Current rate of SSP can be seen as a "financial disincentive to self-isolate"

The current rate of Statutory Sick Pay (SSP) can be seen as a “financial disincentive to self-isolate”, leading to employees who are showing mild COVID-19 symptoms to continue to work.

This comes from the Royal Society report ‘Economic aspects of the COVID-19 crisis in the UK’ and explains that due to SSP, workers are more likely to continue working whilst showing signs of the virus which in turn makes it harder to control the transmission of COVID-19.

The report asks the Government to extend SSP, especially as the furlough system comes to an end in October.

Ben Willmott, head of public policy at CIPD said:

The Government should compensate employers for continuing to pay staff their normal wages if they are asked to self-isolate because SSP is not sufficient for many people even if they do qualify, and many don’t.

There needs to be a compensation scheme to ensure that anyone who is asked to self-isolate through the official system is not disadvantaged for doing the right thing.

The report makes several other recommendations as well. To introduce workplace rotation shifts to reduce the chances of too many workers being in the office and adding to the chance of the spread of the virus. Workplace testing should be incentivised in order to control any workplace outbreaks such as test, track and isolate (TTI) programmes.

Attention must be given to reopening schools, as this has a huge impact on working parents. Schools must be ready for a possible second wave of the virus and focus needs to be put on the timing of the end of the furlough scheme and when pupils will return to schools.  Also, the Government should consider a flexible furlough scheme which could help open the labour market up as there is a possibility that the economic disruption of the pandemic will continue in 2021.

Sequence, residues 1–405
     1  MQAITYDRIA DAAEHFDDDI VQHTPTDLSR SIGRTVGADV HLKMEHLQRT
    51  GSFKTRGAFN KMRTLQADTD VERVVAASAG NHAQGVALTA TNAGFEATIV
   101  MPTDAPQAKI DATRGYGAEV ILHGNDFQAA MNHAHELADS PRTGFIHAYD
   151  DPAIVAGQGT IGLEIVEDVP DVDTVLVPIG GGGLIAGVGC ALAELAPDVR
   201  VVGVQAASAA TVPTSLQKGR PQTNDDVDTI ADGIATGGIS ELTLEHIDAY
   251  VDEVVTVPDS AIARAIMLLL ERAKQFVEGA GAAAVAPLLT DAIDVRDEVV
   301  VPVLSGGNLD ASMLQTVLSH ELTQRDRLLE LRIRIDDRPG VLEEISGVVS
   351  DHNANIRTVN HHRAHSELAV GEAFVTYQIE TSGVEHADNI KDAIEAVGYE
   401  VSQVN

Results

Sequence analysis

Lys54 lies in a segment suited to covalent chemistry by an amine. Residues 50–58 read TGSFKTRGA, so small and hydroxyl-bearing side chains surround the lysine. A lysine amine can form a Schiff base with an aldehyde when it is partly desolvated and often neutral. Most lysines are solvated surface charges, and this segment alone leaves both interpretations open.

It also warned against a “premature” lifting of lockdown as their needs to be a “cautious and prolonged” reopening of the economy. This will allow companies to fully implement social distancing rules.

Sir Tim Besley CBE, school professor of economics and political science at London School of Economics (LSE) and one of the report’s authors said:

Pitting health and economic outcomes against each other is unhelpful. It is wrong to assume that the only way to get the economy back on its feet is through an excessive loosening of restrictions. Targeted policies that are sensitive both to the spread of the disease and economic costs are needed.

While physical distancing measures negatively impact certain businesses, there are adaptations we can make to our ways of doing business. An optimal public health strategy will complement economic recovery while minimising the risk of a resurgence of the epidemic. By taking the right measures to protect health – for example by getting test-track-isolate right and introducing more than the minimum statutory sick pay for those who don’t have it – we open up many more doors for businesses that can keep people working and assist in containing the spread of the disease.